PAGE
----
Chola sculptors portrayed gods and goddesses within a defined iconographic tradition, however, within that tradition was the freedom to aspire to capturing the beauty of the ideal human body.
In the time of the Cholas, temple and administration activity took place within the same complex (note 1). The artists lived and worked at court and ideal human beauty was all around them. In a sense, when you look upon the sensual bronze forms of beautiful gods and goddesses you are also seeing dancers, courtiers, and aristocrats of the royal Chola court.
Their homeland is, of course, deep in the tropics, rendering any practical considerations for clothing unnecessary. For royalty, divine or mortal, it was the quality of the fabrics and jewels which set them apart and above.
Both sexes, both mortal and divine, wore similar garments and decorated their bodies with alankara in gold and jewels. The basic clothing was fine cotton or silk arranged around the hips and legs in various ways (see the Glossary for more information). The wearing of gold jewellery, precious stones and pearls was an important indicator of status, and remains a priority even today in Indian culture. Bodies were decorated in gold and precious stones. Nudity was deemed natural and it was only lack of adornment which was considered vulgar (note 2).
For dieties and royalty, headgear (makuta) conveyed subtle information regarding status. Crowns could be either worn separately, or hair could be arranged to resemble a crown with the addition of gold and jewels (jatamakuta). For example, Uma’s hair often in braided dreadlocks, the style of an ascetic, and bound with jewels arranged to look like a crown (jatabandha) while Lakshmi and Saraswati wear kiritamakuta, actual golden crowns. Unbound hair, such as Kali’s, denote wildness, even danger.
The adornment on the Chola Bronzes you see in museums and galleries is sculptural, whereas when they are seen in temples and in processions they will be almost completely covered in fine fabrics, jewels and flower garlands. The former are inert metal objects, breathtakingly beautiful, yes,but they fulfill no spiritual purpose other than inferred. The latter are metaphors in bronze, ritually consecrated and ready for their transformation into the bodies of gods and goddesses.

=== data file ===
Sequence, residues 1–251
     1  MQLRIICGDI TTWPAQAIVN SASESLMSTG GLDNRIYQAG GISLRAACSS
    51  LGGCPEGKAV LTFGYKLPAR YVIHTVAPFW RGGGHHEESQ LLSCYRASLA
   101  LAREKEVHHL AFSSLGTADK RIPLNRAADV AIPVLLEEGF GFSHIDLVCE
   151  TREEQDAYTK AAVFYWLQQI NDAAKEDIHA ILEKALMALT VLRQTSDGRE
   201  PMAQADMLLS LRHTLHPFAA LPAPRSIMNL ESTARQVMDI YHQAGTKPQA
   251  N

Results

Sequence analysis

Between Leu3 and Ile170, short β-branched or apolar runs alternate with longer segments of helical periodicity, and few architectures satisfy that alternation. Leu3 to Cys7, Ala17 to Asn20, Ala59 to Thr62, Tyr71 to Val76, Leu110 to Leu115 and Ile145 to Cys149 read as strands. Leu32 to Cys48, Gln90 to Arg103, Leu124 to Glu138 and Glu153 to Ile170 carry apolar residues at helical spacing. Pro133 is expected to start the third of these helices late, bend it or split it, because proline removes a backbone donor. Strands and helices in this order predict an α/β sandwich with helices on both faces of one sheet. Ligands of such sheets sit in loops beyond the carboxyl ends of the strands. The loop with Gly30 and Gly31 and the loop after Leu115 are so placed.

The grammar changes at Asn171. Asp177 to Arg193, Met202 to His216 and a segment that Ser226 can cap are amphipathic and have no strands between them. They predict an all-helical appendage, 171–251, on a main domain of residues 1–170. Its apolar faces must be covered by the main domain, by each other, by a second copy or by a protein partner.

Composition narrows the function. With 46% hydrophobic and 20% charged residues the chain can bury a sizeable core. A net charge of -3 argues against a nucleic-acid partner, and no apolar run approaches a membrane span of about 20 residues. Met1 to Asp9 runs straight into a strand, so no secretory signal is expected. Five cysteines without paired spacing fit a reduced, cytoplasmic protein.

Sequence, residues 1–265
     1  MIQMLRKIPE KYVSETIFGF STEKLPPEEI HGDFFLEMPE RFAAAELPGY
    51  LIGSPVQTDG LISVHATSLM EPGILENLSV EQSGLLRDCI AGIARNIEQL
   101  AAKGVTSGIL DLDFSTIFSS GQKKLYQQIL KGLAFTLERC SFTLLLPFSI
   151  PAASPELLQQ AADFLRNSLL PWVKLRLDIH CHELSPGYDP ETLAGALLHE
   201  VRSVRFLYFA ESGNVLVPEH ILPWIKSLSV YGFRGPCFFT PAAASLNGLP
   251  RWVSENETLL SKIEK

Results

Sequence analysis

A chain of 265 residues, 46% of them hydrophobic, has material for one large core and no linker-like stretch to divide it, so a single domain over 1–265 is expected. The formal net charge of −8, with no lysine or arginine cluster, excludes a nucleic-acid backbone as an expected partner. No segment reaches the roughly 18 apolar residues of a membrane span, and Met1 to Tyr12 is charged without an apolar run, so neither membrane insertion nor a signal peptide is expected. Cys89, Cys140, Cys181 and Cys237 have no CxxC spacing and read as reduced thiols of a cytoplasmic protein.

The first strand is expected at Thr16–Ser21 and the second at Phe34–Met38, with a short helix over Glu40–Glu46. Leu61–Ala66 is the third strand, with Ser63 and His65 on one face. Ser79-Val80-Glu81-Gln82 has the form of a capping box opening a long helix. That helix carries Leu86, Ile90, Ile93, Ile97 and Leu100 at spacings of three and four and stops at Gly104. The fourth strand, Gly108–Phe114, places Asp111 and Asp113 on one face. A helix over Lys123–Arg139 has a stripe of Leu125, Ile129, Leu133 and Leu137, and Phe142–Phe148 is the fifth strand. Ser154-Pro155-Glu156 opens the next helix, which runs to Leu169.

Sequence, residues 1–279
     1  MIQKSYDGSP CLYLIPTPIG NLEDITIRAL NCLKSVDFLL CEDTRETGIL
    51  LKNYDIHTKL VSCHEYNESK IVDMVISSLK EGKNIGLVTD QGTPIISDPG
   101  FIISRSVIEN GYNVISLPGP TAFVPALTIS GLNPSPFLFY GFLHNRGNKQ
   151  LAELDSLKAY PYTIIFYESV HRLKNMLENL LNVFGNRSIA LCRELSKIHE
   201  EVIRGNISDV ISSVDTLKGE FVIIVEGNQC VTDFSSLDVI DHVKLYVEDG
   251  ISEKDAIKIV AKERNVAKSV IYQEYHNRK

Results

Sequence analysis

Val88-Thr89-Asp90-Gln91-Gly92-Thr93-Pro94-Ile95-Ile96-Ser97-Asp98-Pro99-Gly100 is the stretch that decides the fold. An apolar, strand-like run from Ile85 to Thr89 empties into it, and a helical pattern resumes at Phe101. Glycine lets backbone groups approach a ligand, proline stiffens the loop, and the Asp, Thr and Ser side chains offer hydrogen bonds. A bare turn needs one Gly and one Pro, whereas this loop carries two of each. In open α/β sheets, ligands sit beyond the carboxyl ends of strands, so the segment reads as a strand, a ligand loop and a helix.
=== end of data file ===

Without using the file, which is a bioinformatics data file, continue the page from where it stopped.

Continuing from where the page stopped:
Note – 1 The sculptors were an integral part of that life and often trained as dancers and musicians to give them a more well-rounded arts background.
Note 2 – The arrival of British colonialism values changed all that, for women certainly. You may be interested to know that in south India the sari had been worn until the 18th century without a blouse (ravike or choli). When support was needed, a breastband (kuchabanda) was worn, sometimes with the assistance of a necklace (mala).
The natural state of Hindu gods and goddesses is formless. They exist on a heavenly plane, however, they will take physical form from time to time to facilitate puja, mystically descending into an image of itself. When a sculptor creates such an image (murti), its form depends upon what the image’s function is to be, but it also must be pleasing to the god or goddess. Apparently it pleases them to be portrayed as young,beautiful, idealized human figures (note 1).
When a worshipper looks upon a murti, they are able to identify them by their body language, hand gestures (mudras) and adornment, though perhaps the clearest indicators are the attributes (ayodha) they hold in their hands. These ayodha confirm the deity’s identity and also communicate their unique divine powers and qualities. When a deity wishes to indicate more than two of these characteristics, more than two hands are required to hold them.
Due to subtle differences in how the deity’s legends are interpreted, their attributes may differ from region to region. For example, while Shiva‘s attributes in the north include a trishula (trident) and a naga (cobra), in the south he holds a mrga (deer), and a parasu (axe).
Note – 1 Gods and goddesses are only portrayed otherwise to make a point. For example, one of Kali’s qualities is that of a wild and fierce demon-killer, therefore images of her in that form reflect those qualities.